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Prediction of Upcoming Monsoon & Its Impact on Kharif Crops in Karnataka, Telangana, Odisha, Haryana, Other States

India’s leading weather & agriculture risk monitoring company, Skymet Weather Services has released a Kharif Report. In the report, it has shared the prediction for the upcoming Monsoon and its impact on the production of Kharif crops. As per the report, Skymet expects the upcoming Monsoon to be “below normal” to the tune of 93% (with an error margin of +/-5%) of the long period average (LPA) of 887 mm for the four-month period from June to September.

It has mentioned, that the Pacific Ocean has become strongly warmer than average. The model projections call for 80% chance of El Niño during March-May, dropping to 60% for June to August. It means that it is going to be a devolving El Niño year, though retaining threshold value all through the season. Hence, Monsoon 2019 is likely to be below normal. The onset month of June is going to be sluggish, and deficit rains are likely to spill into July. Second half of the season would see better rainfall wherein August is expected to be a shade better than September, and both the months would manage to see normal rains.

It is to be noted that, El Niño also impacts distribution of rainfall. El Niño conditions mostly coincide with a period of weak Monsoon and rising temperatures and thus, the probability of drought occurrence surges during El Niño events disturbing crop production and water supply. Skymet expects that East India along with major portion of Central India would be at a higher risk of being rain deficient, especially during the first half of the season. While deficient rains are expected over Bihar, Jharkhand, West Bengal along with Central parts of the country predominantly Vidarbha, Marathwada, southern parts of Madhya Pradesh and some parts of Gujarat.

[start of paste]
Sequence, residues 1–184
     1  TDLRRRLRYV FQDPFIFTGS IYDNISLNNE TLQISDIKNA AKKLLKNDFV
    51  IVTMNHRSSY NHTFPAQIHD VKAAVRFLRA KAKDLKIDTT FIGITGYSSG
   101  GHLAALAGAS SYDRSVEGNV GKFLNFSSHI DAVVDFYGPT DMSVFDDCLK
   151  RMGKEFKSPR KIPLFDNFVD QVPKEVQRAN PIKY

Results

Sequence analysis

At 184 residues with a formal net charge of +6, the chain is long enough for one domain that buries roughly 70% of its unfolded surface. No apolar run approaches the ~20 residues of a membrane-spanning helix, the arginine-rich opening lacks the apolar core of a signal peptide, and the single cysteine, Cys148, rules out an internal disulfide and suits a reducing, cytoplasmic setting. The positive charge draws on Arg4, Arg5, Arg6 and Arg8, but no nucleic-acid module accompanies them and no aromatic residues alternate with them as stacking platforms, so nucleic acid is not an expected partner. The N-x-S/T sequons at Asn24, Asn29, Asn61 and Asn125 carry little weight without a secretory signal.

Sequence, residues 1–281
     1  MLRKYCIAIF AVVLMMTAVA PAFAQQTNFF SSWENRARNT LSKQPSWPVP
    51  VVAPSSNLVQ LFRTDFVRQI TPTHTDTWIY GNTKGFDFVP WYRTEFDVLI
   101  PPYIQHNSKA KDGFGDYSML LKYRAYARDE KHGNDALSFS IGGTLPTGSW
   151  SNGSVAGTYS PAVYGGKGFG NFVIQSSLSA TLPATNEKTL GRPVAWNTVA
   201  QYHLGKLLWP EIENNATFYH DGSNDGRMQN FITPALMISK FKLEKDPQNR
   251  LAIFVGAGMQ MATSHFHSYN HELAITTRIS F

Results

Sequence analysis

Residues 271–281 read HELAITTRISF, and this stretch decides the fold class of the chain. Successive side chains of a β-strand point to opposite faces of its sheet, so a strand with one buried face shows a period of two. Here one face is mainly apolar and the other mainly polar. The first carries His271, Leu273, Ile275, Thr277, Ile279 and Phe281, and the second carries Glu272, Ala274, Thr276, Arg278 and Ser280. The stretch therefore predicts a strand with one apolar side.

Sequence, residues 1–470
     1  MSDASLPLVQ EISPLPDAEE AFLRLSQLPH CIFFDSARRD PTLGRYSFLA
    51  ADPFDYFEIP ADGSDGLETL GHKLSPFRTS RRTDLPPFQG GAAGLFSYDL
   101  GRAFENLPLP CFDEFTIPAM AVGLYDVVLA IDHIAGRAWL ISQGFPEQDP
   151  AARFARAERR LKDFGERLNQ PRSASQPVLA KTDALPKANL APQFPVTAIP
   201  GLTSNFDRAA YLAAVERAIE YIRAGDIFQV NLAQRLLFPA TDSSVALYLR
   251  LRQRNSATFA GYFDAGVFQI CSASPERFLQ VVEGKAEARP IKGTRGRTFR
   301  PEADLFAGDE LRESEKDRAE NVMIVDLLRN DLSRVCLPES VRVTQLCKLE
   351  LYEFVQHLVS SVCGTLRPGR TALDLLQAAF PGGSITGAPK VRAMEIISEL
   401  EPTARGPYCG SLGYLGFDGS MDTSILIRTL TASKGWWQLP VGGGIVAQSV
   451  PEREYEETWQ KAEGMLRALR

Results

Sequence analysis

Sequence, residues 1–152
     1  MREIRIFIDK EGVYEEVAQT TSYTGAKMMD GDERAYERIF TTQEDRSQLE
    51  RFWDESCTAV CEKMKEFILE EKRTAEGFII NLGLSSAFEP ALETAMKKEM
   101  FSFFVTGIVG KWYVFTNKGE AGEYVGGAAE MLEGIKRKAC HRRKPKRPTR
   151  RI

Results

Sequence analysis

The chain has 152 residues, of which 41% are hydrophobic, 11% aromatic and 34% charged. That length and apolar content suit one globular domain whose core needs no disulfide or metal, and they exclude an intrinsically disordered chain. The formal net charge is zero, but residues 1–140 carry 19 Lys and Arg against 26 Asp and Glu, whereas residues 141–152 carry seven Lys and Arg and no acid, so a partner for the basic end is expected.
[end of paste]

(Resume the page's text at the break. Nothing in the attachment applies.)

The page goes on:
Odisha, Chhattisgarh and Coastal Andhra Pradesh are most likely to see normal rains throughout the season.

With below normal Monsoons, the possibility of deficient and largely deficient rains is more than 40% in 66% districts of the country. The report shows an in-depth analysis of the impact of predicted Monsoon on the major Kharif crops and the anticipated changes that could possibly occur on the production side. About half of the country’s food grain production comes from the Kharif output which stands around 140 million tons.

Total food grain yield in Kharif season is directly affected by variations in the summer Monsoon (June to September) precipitation. Increase or decrease in Monsoon rains is generally correlated with an increase or decrease in food grain yields and production. Prolonged breaks in Monsoon also adversely affect the crop growth and result in reduced crop yields. El Niño’s impact on crop conditions and development depends on the sensitivity of the phenological phase of crops during the peak period of the event. The flowering and grain filling phases of cereal crops are more sensitive to water stress.

In the months between January 2019 and April 2019, India has received 10% lower than normal rainfall for the period. Winter rains (January & February) was 24% higher than the normal while pre-Monsoon showers (March & April) were 30% lower than the normal rainfall for the period. With 50% of India’s population dependent on agriculture and more than 50% of the cultivable area being rain-fed, the farm economy could be in a precarious situation with the ongoing rain deficiency. 

Impact of Monsoon on Cotton Production:

Cotton production in the country is expected to increase by 10% to 33.19 million bales in 2019-20 from 30.08 million bales in the previous year. Cotton acreage on the national front is likely to be higher by 2.7% to 12.57 million hectares. Significant increase in cotton prices during the last season, better realization over competitive crops coupled with Monsoon vagaries are likely to help cotton acreage to rise in all major cotton producing states.